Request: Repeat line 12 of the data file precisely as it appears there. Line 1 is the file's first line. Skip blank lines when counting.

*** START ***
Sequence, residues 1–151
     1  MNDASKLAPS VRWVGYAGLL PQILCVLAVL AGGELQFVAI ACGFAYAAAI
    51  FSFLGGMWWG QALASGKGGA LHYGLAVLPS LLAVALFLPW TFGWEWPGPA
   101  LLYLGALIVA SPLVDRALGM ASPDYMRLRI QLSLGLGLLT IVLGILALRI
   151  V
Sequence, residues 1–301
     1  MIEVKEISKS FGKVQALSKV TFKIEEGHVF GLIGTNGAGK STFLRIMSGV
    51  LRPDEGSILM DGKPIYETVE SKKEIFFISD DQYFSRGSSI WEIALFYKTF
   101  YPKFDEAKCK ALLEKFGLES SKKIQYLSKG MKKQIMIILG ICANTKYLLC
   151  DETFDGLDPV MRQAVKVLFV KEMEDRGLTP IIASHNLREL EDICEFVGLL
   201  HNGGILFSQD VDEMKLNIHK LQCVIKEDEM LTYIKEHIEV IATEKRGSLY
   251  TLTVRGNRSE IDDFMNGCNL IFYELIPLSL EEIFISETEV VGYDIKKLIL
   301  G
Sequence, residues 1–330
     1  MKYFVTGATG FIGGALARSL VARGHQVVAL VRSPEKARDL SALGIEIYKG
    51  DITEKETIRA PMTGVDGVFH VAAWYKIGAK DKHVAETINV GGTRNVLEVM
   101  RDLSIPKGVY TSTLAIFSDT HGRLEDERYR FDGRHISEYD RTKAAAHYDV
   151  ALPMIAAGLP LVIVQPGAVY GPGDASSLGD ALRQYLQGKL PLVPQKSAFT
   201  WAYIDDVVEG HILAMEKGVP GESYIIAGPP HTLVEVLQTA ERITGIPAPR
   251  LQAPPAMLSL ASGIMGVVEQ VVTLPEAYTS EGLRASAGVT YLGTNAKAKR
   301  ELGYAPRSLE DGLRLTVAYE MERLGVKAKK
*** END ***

   251  TLTVRGNRSE IDDFMNGCNL IFYELIPLSL EEIFISETEV VGYDIKKLIL